Nathaniel Harrison II (1692-1760) built the house at 124 Main Street in Branford in 1724. The house was once thought to have been built around 1680, at which point the land was owned by Daniel Swain, so it is listed as the Swain-Harrison House in the National Register of Historic Places. The house passed to Nathaniel Harrison III and then to his daughter Martha, who married Nicodemus Baldwin. Martha sold the house to Joseph and Lorany (Bradley) Linsley in 1800, so it is also known as the Harrison-Linsley House. The Linsleys’ daughter, Lorany Linsley Smith, lived in the house until her death in 1915 at the age of 100. The Smith family owned it until 1938, when it was acquired by the architectural historian and preservationist J. Frederick Kelly, who restored the house. Upon his death in 1947 Kelly bequeathed the house to the Society for the Preservation of New England Antiquities, now Historic New England. Under a long-term lease, the house is maintained by the Branford Historical Society as its museum and headquarters.
On Library Road in Middlebury is a Georgian Revival building built in 1898. It was originally Center School, a two-room schoolhouse, and later served as a town hall annex and then as the town library, and now is occupied by the Middlebury Historical Society.
Built circa 1695-1700, the Samuel Smith House (pdf), at 82 Plants Dam Road in East Lyme, is notable as an example of a mostly unaltered early colonial-era house. Additions were made in 1735 (when the end-chimney structure became a center-chimney structure with an expansion on the west side and the house was re-framed with a gambrel roof) and 1812 (when a rear ell was added), after which the house remained essentially unaltered. The house still has an eighteenth-century shed (with a lean-to added in the twentieth century), the original well and a c. 1810 outhouse. Also known as the Hurlbut House, the Smith House was built on land owned by Nehemiah Smith, Jr. In 1698, Smith transferred the property to his son, Samuel, who was probably already living on the property (his father lived elsewhere). Recently acquired by the town of East Lyme, the house is being restored by the Friends of the Samuel Smith House to become a museum.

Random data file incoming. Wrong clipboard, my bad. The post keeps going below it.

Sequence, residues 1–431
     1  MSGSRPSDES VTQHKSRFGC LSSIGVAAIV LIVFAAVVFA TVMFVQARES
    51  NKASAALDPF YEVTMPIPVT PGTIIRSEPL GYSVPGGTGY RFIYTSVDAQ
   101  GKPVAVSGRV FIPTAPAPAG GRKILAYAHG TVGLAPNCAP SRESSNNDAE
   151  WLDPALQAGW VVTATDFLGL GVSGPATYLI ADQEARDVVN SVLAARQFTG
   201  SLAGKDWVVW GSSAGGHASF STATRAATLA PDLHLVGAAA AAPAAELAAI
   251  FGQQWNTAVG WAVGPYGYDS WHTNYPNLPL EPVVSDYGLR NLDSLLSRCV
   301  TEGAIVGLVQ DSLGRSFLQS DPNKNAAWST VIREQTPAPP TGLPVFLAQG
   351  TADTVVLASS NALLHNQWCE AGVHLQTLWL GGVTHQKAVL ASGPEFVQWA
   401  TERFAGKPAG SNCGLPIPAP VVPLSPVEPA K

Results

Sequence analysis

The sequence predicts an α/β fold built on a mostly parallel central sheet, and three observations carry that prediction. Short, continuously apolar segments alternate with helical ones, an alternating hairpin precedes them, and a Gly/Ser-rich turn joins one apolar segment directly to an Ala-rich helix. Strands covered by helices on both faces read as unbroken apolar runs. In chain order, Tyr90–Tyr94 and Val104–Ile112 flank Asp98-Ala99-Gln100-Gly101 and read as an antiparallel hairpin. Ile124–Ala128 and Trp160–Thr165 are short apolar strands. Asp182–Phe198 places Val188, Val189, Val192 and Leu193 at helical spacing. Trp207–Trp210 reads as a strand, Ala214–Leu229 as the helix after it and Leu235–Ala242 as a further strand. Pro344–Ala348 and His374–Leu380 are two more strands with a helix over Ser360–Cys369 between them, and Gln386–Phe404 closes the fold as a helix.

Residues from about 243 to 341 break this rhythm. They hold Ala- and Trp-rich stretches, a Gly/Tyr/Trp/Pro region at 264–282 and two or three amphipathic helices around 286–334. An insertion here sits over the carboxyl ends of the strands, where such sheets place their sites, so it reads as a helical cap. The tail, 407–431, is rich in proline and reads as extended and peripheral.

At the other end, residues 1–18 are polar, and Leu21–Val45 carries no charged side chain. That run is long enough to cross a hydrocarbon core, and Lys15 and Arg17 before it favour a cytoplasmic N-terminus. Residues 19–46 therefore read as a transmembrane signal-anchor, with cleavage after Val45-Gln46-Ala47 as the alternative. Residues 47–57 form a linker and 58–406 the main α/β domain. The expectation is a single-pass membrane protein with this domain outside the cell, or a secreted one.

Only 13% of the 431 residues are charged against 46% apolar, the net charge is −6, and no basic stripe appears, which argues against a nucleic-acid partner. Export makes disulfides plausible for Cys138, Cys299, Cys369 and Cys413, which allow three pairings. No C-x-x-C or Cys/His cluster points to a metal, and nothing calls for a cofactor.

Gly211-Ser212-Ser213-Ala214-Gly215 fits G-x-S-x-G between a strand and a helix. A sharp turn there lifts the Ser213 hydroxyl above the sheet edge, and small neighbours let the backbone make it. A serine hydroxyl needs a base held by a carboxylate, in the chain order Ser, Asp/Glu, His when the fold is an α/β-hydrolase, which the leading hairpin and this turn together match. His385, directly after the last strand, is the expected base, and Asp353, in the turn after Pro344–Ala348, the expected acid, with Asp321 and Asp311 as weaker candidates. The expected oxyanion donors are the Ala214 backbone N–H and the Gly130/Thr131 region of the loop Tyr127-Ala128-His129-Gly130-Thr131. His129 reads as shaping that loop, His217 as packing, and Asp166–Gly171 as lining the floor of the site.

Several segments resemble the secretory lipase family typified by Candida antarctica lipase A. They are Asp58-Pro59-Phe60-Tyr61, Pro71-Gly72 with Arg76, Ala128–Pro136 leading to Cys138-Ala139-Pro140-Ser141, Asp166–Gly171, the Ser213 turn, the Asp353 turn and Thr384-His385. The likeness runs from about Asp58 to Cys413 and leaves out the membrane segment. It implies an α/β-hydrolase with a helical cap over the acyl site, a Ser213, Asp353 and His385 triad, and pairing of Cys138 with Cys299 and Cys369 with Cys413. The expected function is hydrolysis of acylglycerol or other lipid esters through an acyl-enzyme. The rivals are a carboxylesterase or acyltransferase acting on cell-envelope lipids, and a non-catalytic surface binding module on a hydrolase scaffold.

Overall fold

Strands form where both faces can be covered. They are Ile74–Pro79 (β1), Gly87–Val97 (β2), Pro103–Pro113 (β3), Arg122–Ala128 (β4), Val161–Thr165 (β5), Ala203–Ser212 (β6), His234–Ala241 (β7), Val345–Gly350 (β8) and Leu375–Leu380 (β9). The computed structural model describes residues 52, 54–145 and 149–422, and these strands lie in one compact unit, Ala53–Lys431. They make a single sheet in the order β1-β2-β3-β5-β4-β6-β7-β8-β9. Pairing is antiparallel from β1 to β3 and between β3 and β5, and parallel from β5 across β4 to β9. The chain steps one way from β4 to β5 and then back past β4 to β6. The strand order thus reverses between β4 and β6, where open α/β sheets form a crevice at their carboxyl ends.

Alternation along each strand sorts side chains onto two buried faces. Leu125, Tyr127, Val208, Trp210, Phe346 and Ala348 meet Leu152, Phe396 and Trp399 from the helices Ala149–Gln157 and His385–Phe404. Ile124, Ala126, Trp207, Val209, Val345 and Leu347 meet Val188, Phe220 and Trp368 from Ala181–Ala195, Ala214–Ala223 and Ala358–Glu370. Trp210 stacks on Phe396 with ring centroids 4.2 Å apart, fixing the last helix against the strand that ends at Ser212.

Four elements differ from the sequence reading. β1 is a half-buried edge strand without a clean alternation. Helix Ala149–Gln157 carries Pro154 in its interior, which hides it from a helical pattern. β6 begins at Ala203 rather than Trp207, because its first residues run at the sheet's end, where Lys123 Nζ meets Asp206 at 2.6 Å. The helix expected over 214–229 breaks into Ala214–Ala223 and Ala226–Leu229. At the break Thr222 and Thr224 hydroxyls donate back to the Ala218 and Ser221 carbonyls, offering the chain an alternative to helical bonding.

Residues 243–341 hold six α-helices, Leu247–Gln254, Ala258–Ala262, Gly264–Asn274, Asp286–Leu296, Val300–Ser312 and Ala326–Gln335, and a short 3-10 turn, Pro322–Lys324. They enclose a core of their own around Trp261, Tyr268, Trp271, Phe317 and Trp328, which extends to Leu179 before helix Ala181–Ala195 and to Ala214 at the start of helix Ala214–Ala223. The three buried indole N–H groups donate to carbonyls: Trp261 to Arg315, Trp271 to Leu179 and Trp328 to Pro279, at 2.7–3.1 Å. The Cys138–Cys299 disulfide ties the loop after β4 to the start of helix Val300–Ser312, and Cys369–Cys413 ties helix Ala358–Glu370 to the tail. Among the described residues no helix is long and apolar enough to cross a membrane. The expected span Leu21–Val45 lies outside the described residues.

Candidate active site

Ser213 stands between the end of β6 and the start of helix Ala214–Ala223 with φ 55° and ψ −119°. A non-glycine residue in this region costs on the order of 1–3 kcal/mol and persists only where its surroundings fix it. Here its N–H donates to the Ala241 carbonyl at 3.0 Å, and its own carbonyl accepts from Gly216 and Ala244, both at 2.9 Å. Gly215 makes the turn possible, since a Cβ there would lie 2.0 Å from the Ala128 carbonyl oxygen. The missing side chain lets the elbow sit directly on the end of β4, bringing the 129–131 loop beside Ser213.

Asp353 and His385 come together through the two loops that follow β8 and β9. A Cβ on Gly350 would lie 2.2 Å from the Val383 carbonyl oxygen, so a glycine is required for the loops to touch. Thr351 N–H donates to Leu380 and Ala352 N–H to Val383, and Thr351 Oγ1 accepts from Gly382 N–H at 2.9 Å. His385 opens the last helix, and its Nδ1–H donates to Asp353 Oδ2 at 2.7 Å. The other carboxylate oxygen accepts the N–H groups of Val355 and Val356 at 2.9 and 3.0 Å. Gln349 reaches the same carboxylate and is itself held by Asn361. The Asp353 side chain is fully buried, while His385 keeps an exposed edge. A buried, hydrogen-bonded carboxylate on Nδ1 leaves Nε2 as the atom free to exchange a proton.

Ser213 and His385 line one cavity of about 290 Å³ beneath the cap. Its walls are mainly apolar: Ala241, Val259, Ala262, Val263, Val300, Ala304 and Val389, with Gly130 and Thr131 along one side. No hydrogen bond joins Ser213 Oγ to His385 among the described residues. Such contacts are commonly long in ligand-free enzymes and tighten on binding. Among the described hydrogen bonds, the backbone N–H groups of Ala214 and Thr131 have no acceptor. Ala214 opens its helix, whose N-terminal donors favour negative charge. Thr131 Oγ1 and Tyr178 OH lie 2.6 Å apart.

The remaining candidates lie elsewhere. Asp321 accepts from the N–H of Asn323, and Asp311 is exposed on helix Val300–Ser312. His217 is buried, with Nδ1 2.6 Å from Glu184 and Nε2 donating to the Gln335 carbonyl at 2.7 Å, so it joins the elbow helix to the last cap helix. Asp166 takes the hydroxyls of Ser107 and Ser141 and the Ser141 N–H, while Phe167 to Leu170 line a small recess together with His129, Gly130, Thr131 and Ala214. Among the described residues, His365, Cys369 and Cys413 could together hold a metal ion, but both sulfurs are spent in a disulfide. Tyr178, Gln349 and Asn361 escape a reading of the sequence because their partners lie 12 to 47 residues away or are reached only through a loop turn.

Another notable building along Salem Green is the Town House. This structure was originally built in Norwich in 1749 on Washington Street as an Episcopal church, which later took the name of Christ Church. A new Christ Church was dedicated on Main Street in 1791. The current Christ Episcopal Church was built back on Washington Street in 1849. By that time, the original church on the site had been moved away. In 1829, this old building had been sold to the Episcopal Society in Salem. It was moved to Salem Green circa 1831 and reconstructed. It was at this time that the building’s lancet windows and columned portico were added, resulting in an unusual mix of Gothic and Greek Revival styles. By 1840 the church had closed and the building was acquired by the Town of Salem for general meetings. Since 1969, it has been the home of the Salem Historical Society.